Monday, March 17, 2008

Monday Farm Photos



The farm withstood Friday and Saturday's storms well. I'm so grateful for that. The only sign that there was any wind - Helen's fake owl (which lives on the chicken coop to scare away hawks) was beheaded.






Looking down during my daily nit check. Well, maybe the check is closer to hourly. We're still clear to go visiting!







Gillen's Bronze turkey hens are taking turns sitting on their eggs. When "Flamer" walked away for a bit, we were able to count twelve. Gillen is hoping for 18-25 poults from each hen.
The other girls' dorm. There was lots of activity in here this morning. We're having fresh poached eggs over leftover home-corned beef-turned-into-hash for dinner...





The kids' remaining seeds arrived from High Mowing today. Gillen got his peas, Nicotiana and peppers into seed trays. Jesse seeded his peppers from Johnny's. It is too early to seed the rest.



You know that expression, "A long row to hoe" Do I have that right? Is it an expression out in the literary world or do you only hear it on the farm? FOund it! It's from a poem by James Russell Lowell and is, "You've a darned long row to hoe." Here is its' source:Jesse helped:Nicolas snapped this one. Evidence that I was there, weeding for a wee bit. I was fine,'til I stood up. Low blood pressure and weeding aren't so compatible.
My favorite chicken, "Mohawk Dude".
Whistling while he works.
"Our life is like a series of NOT unfortunate events."
- Jesse this afternoon, with some money in his pocket from farm work and a carefully thought out decision that many of our days are almost as good as Sundays.

8 comments:

thepowerguides said...

what a great way for kids to grow up I must admit I was never lucky enough and neither were my children we did our best but not as good, I believe they would have been all the better for more of a country life.

My son loves his fishing ( he is 22 ) and asked me the other day why so few kids in England go fishing or just go for walks by the sea and I did not know what to say except the love for all things to do with nature starts very early and you never lose it . most of the parents in England spend so much time running to catch up with what? they do not even know that kids miss out on so much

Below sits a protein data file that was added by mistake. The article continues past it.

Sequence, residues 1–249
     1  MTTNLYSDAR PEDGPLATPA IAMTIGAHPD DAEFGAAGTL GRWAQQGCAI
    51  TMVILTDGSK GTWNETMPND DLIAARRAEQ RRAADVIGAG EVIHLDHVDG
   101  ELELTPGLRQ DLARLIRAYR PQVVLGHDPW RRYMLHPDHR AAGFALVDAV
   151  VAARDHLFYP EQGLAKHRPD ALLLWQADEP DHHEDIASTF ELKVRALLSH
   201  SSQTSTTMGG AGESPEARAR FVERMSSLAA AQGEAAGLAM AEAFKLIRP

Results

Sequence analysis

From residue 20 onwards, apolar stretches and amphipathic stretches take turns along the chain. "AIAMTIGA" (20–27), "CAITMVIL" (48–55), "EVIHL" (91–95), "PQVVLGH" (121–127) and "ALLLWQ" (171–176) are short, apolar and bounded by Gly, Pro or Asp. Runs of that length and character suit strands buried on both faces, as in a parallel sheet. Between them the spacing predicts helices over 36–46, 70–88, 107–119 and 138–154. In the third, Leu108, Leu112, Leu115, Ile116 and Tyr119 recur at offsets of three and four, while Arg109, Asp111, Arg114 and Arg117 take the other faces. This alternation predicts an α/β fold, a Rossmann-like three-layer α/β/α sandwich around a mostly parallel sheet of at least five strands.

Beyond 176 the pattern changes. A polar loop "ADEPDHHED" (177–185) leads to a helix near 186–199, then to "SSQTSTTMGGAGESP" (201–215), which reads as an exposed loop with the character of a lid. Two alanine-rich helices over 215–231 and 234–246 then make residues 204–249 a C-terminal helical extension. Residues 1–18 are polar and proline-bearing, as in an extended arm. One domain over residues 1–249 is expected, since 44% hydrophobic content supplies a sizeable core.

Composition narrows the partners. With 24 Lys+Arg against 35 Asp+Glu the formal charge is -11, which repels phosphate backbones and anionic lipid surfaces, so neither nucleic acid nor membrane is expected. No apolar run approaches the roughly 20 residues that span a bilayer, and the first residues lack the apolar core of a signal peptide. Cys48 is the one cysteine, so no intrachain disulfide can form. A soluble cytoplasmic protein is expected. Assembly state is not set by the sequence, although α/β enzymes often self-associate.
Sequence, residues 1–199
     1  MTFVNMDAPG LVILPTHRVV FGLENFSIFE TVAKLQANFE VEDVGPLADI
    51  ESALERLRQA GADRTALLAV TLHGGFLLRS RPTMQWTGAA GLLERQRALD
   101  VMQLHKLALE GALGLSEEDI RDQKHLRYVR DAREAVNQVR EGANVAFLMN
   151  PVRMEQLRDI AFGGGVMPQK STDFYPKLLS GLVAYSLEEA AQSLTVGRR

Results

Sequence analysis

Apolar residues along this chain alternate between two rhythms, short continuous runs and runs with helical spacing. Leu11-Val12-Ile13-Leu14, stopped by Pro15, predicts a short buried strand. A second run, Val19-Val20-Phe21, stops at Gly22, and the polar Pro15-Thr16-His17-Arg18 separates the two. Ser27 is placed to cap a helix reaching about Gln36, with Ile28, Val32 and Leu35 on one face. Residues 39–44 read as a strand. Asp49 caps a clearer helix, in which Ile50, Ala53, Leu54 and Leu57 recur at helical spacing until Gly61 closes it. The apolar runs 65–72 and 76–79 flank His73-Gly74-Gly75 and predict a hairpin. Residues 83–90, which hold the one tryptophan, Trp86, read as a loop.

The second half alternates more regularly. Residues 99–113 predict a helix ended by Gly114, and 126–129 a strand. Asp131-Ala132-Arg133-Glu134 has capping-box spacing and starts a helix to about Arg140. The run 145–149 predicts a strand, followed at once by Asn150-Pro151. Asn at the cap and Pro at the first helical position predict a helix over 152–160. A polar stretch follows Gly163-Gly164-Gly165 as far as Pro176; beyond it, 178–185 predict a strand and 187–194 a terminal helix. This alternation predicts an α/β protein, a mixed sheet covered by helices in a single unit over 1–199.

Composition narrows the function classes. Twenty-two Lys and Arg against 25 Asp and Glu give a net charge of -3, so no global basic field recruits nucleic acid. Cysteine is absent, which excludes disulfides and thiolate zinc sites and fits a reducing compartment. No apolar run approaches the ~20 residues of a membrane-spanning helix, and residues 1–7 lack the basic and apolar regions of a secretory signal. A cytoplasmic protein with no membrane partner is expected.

steve

Madeline said...

Steve, I don't think that you have to have grown up with it though. I sure didn't and I felt like I appreciated nature more because it was a rare treat. I think it's a personality thing. Just my theory.

I visited your blog about blogging. It looks interesting.

Kimba said...

Taran is offering the head of our fake owl (it looks to be the same model). He says "anything to let animals grow peacefully except giving them my Pokemon cards".

Angie said...

I love, love, love your farm pictures. Does your tractor lay your plastic mulch? It looks similar to our system, however, we lay all ours by hand - yuck. My back aches for days.

Oh, to see the sun shining and people weeding makes me NEED spring. If you want a laugh, head over to my blog for the latest pictures of our greenhouse! We have to laugh or we will cry. Any good farm real estate in your neighborhood? I'm ready.

Madeline said...

Kimba, Taran rules! Tell him that we found the head, but thanks.

Angie, they lay it by hand as well. Not fun. But it saves so much weeding time. My back can't take it at all any more. I feel for you.

whimsigal said...

I love this view into your world and I LOVE that chicken with the feather hat!!

Cami said...

My goodness, that IS a long row to hoe! I envy you working outside in the sunshine though, we're still about thigh deep in snow. "Mohawk Dude" is stunning! Mother Nature out-did herself with that one ;)

Danielle said...

*sigh* I love Monday farm photos.

Maybe the owl gods were taking their revenge? I'm glad your tunnels didn't get hit! I hate watching our dance in the wind. Maybe someday I'll invest in a nice solid steel one... when I have the money.